Harrogate mother thought her ‘days were numbered’ at Manchester Arena terror attack

News update
News update

A Harrogate mother who took her daughter to see Ariane Grande in Manchester has said she thought her ‘days were numbered’ during the attack which left 22 dead.

Claire Temple, aged 43, and from Harrogate, was at the concert with her 12-year-old daughter Anya, along with a friend and her daughter.

She said: “I’m just so shaken, it terrified me because I had Anya with me. All sorts of things go racing through your head.”

She said they witnessed an unconscious girl around seven years old being carried across the car park after the attack.

Claire said prior to the explosion the concert had been “absolutely brilliant”, with a young audience.

“There were lots of over-excited teenage girls, it was a very positive atmosphere. Everybody was happy, there were lots of young girls dancing around.

“It was a really good concert, almost the experience of a lifetime for Anya and her friend.”

Claire said the explosion happened moments after the end of the concert.

“People had started to drift away during the encore because there were so many young kids there. Then there was probably about two minutes between her finishing until the lights coming up. We stayed in our seats until the lights came up.

“Within a minute we heard this massive bang. We had just started to get on the stairs to get out. Everybody just turned around and started screaming and people came back into the arena. We were on the side where the bomb went off.

“In my mind, I had Anya and I just needed to stay calm and not show her that I was concerned. They had released some big balloons towards the end and although it clearly wasn’t, I said maybe somebody had popped a balloon and scared people.

“We started aiming for another exit and I didn’t hear a second bang but people started to scream and run again. I don’t know what caused it.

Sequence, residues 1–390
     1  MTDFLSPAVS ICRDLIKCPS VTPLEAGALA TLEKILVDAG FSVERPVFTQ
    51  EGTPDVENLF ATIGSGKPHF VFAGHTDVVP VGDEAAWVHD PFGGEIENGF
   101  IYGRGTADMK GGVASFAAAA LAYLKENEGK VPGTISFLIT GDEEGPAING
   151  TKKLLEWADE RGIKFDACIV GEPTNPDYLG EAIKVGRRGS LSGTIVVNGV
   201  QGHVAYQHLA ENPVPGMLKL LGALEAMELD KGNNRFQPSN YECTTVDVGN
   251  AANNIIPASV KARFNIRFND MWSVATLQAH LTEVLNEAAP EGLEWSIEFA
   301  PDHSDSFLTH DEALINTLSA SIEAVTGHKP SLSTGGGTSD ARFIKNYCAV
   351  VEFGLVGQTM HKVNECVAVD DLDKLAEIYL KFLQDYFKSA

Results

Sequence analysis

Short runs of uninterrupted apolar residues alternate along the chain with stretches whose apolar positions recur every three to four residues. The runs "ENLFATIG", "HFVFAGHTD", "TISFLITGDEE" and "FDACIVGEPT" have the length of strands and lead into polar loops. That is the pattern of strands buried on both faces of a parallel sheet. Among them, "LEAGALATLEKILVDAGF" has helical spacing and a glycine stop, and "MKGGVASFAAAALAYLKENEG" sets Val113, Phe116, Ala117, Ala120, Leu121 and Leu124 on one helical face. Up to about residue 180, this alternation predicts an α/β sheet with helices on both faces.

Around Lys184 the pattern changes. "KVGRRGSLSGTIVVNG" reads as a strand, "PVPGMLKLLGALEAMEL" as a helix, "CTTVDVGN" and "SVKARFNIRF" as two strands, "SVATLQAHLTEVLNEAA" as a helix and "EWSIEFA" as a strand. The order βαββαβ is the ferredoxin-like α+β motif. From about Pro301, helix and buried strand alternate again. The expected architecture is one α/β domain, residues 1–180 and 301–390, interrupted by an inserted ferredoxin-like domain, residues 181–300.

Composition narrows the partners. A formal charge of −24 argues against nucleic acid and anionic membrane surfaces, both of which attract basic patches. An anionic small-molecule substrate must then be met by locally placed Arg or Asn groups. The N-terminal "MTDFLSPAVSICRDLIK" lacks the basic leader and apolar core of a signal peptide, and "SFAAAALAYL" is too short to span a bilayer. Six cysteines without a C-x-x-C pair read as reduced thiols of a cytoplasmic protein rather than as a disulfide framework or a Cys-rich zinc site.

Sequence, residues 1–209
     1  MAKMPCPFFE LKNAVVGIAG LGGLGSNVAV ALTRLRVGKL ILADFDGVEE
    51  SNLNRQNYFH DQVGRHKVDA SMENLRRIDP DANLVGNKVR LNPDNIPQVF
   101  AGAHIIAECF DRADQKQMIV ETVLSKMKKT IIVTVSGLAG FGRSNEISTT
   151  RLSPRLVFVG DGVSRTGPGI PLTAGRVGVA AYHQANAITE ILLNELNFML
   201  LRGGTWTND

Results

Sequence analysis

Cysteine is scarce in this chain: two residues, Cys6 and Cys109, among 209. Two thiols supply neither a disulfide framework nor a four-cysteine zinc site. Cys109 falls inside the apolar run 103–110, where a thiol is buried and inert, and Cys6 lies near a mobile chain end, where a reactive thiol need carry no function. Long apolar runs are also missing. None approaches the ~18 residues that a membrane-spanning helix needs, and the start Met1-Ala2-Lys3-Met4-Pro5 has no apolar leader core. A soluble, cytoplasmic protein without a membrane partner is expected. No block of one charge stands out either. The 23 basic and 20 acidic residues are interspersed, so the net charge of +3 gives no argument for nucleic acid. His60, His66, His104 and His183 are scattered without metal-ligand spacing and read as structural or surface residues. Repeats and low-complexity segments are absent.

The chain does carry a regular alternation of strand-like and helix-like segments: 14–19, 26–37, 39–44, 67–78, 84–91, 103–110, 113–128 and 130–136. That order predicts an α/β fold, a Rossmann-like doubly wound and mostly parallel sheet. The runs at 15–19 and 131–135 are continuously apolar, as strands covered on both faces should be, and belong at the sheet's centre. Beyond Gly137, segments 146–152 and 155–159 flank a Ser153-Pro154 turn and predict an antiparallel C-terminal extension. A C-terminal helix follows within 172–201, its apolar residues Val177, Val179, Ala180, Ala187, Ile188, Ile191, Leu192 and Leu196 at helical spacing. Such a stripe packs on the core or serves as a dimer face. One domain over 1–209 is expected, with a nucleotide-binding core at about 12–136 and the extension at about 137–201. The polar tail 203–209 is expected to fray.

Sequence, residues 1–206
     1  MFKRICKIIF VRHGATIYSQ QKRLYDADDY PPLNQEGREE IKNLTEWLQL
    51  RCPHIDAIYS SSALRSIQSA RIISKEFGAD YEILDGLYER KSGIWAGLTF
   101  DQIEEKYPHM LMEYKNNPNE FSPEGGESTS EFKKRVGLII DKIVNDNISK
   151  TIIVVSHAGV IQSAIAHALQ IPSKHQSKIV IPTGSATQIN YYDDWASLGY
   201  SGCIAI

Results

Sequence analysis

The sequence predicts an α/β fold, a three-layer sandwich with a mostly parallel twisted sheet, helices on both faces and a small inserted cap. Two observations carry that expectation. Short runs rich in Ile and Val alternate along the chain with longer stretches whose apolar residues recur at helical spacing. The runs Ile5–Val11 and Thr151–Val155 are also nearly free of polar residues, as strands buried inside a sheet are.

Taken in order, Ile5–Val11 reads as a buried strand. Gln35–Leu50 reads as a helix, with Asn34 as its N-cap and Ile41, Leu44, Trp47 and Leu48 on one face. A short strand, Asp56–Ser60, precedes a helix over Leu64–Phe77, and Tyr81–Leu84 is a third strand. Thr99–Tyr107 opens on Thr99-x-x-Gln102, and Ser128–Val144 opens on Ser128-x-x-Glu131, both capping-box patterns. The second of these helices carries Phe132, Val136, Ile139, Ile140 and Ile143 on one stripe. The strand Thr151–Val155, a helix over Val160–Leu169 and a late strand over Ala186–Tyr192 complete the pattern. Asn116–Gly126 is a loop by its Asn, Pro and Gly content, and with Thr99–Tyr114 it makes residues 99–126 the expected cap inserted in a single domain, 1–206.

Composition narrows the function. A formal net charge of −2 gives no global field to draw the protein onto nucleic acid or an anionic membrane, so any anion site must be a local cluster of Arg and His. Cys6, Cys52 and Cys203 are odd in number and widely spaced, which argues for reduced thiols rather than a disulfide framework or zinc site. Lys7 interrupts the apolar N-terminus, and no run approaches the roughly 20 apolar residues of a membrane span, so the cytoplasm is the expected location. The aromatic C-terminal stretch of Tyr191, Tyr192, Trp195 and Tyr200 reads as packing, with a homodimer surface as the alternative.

“I wouldn’t be surprised that a lot of people had been injured in the crush trying to get out.

“We then went down on to the floor of the arena. There was a lot of panic and terror. There were a lot of teenagers there who didn’t have a grown up with them to reassure them everything was ok. Families had got split up. One woman was one the phone just screaming at her daughter. There was almost hysteria.

“My heart was thumping out of my chest, I was thinking my days are numbered.

“Once we got outside there were just groups of teenage girls stood around absolutely hysterical. I don’t whether they had witnessed anything or it was not knowing where their friends were.

“What was going through my head was to get Anya out of there. We saw a guy carry out a girl through the car park who looked unconscious and about seven years old.

“We didn’t know what had happened, we were saying to the girls it could have been a gas canister explosion. We got back to Harrogate about 00.30am and it came on the news there could have been about 20 fatalities.”

Claire said the events of last night are only just sinking in and it will make her think twice about taking her children to gigs.

“Both me and my friend feel very angry that terrorists have targeted that kind of concert. It is very easy to say I don’t want terrorists to win but equally I don’t want to put my children in the firing line. They are targeting children, they are just sick, it is not right. It is somebody not right in the head, it is an awful, awful act. I keep thinking there were mums with little girls sat around us who had left - they would have been the people caught in the bang.”

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Ian Beaumont of KPMG

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